I was introduced to Captain and Mrs Warwick, as a former Purserette of Union-Castle Line and also as a Director of the re-launched company. We discussed the departure of the Union-Castle Line Centenary Voyage from Southampton in December 1999 when the ship’s whistle had been sounded, and an answering whistle had been sounded from QUEEN ELIZABETH 2 in her berth! I said that had been a memorable occasion. Captain Warwick said how delighted the Cunard Company had been to receive the thank you letter from the Managing Director of Union-Castle Line.
I attended a lecture by Mr Peter Boyd-Smith about TITANIC, which included fascinating information about Southampton. He mentioned that after the sinking, all United Kingdom Engineering Officers wore mourning mauve in their gold stripes, in honour of the Engineers lost on the ship. To illustrate it he showed a slide of “Union-Castle Badges of Rank”, which was a lovely touch I thought. I had used the same illustration in my own book “Union-Castle Line Purserette”.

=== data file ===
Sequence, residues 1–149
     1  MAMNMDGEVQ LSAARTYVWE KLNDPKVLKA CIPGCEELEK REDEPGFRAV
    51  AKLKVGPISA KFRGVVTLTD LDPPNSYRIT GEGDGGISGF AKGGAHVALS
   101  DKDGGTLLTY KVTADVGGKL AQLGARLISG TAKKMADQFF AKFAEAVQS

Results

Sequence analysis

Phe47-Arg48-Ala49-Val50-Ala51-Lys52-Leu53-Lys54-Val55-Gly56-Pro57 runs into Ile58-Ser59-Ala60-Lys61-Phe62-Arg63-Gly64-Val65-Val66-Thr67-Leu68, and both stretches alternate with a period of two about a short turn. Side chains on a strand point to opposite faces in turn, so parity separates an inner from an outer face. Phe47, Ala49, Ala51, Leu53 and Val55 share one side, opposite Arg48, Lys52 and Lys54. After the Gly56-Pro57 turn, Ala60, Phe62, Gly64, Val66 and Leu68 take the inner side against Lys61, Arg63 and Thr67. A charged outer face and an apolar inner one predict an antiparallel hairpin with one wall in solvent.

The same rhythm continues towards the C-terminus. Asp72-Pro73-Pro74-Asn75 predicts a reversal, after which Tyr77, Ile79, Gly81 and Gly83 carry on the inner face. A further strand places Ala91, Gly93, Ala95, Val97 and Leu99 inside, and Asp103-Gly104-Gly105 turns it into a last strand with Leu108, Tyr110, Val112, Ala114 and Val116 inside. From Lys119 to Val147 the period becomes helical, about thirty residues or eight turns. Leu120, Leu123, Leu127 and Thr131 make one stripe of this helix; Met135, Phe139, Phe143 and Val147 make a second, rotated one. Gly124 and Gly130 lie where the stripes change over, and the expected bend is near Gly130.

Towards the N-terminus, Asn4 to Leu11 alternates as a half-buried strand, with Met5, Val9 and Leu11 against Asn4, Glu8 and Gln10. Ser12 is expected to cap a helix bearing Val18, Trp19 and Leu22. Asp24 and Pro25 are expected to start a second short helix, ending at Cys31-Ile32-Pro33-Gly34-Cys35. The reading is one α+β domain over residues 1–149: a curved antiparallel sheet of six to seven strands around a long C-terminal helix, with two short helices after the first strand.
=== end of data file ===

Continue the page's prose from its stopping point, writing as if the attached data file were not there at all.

On Monday 22nd April in the Yacht Club aft on Upper Deck I attended a Service for the Committal of Ashes to the Deep of the late William Farmer (1916 – 2001), previously a Chief Engineer on QUEEN ELIZABETH 2.
Mr Farmer’s widow and daughter were present. Mr Farmer had wanted his ashes committed in memory of those Engineers and others that lost their lives on the TITANIC on 14th April 1912.
Captain Warwick commenced the Service by saying that we were thirty miles south of the usual route across the Atlantic, because of the unusually southerly ice this year.